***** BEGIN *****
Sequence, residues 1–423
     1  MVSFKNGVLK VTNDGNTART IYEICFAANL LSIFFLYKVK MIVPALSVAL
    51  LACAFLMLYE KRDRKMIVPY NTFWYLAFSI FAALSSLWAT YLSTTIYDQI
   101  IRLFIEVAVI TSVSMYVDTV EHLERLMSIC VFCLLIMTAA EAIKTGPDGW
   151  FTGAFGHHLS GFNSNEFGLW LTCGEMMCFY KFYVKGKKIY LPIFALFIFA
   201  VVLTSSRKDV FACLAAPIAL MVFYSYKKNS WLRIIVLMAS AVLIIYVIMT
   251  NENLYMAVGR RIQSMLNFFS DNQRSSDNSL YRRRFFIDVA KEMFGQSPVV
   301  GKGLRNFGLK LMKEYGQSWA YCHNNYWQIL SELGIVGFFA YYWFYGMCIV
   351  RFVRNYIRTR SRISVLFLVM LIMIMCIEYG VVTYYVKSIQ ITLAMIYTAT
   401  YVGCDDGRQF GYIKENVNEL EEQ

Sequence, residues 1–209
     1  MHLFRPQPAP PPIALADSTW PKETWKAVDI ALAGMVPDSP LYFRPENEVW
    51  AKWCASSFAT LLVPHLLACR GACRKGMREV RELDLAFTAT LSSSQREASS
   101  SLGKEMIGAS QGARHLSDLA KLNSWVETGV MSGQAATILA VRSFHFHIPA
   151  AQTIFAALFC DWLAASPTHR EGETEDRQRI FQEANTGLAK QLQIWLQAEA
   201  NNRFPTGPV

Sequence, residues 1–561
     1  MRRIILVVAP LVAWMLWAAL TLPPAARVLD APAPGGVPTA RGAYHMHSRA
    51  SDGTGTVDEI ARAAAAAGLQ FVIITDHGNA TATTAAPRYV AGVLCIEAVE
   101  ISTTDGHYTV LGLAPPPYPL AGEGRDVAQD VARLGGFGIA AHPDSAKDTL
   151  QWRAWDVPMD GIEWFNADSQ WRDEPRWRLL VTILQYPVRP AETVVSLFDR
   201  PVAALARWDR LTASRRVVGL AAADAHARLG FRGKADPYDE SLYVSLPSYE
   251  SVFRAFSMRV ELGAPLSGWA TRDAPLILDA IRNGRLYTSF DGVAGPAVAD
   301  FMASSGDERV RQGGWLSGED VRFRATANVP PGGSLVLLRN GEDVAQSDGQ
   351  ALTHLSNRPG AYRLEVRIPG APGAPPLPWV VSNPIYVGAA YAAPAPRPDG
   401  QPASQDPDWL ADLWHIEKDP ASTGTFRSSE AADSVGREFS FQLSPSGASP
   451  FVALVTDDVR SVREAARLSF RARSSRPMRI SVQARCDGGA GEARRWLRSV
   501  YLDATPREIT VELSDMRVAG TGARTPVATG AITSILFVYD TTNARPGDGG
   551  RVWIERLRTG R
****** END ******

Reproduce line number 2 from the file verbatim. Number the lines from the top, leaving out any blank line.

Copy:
     1  MVSFKNGVLK VTNDGNTART IYEICFAANL LSIFFLYKVK MIVPALSVAL